The material conditional can yield some unexpected truths when expressed in natural language. For example, any material conditional statement with a false antecedent is true (see vacuous truth). So the statement "if 2 is odd then 2 is even" is true. Similarly, any material conditional with a true consequent is true. So the statement "if I have a penny in my pocket then Paris is in France" is always true, regardless of whether or not there is a penny in my pocket. These problems are known as the paradoxes of material implication, though they are not really paradoxes in the strict sense; that is, they do not elicit logical contradictions. These unexpected truths arise because speakers of English (and other natural languages) are tempted to equivocate between the material conditional and the indicative conditional, or other conditional statements, like the counterfactual conditional and the material biconditional.
It is not surprising that a rigorously defined truthfunctional operator does not correspond exactly to all notions of implication or otherwise expressed by "if … then …" sentences in natural languages. For an overview of some of the various analyses (formal and informal) of conditionals, see § References below. Relevance logic attempts to capture these alternate concepts of implication that material implication glosses over.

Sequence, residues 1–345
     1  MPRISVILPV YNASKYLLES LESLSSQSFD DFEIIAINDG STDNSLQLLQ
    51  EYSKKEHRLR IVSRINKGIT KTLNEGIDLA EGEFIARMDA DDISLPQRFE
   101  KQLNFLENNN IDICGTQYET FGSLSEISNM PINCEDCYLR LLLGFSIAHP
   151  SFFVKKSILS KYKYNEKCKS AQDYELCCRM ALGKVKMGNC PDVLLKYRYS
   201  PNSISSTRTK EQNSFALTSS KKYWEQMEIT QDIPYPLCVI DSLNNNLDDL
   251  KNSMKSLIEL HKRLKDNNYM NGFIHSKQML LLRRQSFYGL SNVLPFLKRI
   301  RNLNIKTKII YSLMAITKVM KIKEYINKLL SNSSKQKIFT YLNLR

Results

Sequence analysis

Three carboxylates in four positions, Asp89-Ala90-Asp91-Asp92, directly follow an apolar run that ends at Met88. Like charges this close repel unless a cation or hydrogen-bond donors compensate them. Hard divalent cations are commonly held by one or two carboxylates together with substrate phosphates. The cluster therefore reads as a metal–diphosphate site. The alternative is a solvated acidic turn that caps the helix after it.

See also
Conditionals
References
 ^ ^{a} ^{b} ^{c} "Comprehensive List of Logic Symbols". Math Vault. 20200406. Retrieved 20200903.
 ^ Magnus, P.D (January 6, 2012). "forallx: An Introduction to Formal Logic" (PDF). Creative Commons. p. 25. Retrieved 28 May 2013.
 ^ ^{a} ^{b} ^{c} ^{d} Weisstein, Eric W. "Implies". mathworld.wolfram.com. Retrieved 20200903.
 ^ Teller, Paul (January 10, 1989). "A Modern Formal Logic Primer: Sentence Logic Volume 1" (PDF). Prentice Hall. p. 54. Retrieved 28 May 2013.
 ^ Clarke, Matthew C. (March 1996). "A Comparison of Techniques for Introducing Material Implication". Cornell University. Retrieved March 4, 2012.
 ^ Counterfactuals are also often called subjunctives though the term is acknowledged as a misnomer when applied to English. English conditionals of this sort do not use subjunctive mood. See Palmer (1986), Dancygier & Sweetswer (1996), Iatridou (2000), Karawani (2014), Romero (2014), Mackay (2015), among others.
 ^ ^{a} ^{b} ^{c} ^{d} ^{e} Edgington, Dorothy (2008). Edward N. Zalta (ed.). "Conditionals". The Stanford Encyclopedia of Philosophy (Winter 2008 ed.).
Further reading
 Brown, Frank Markham (2003), Boolean Reasoning: The Logic of Boolean Equations, 1st edition, Kluwer Academic Publishers, Norwell, MA. 2nd edition, Dover Publications, Mineola, NY, 2003.
 Edgington, Dorothy (2001), "Conditionals", in Lou Goble (ed.), The Blackwell Guide to Philosophical Logic, Blackwell.
 Quine, W.V. (1982), Methods of Logic, (1st ed. 1950), (2nd ed. 1959), (3rd ed. 1972), 4th edition, Harvard University Press, Cambridge, MA.
 Stalnaker, Robert, "Indicative Conditionals", Philosophia, 5 (1975): 269–286.
External links
 Edgington, Dorothy. "Conditionals". In Zalta, Edward N. (ed.). Stanford Encyclopedia of Philosophy.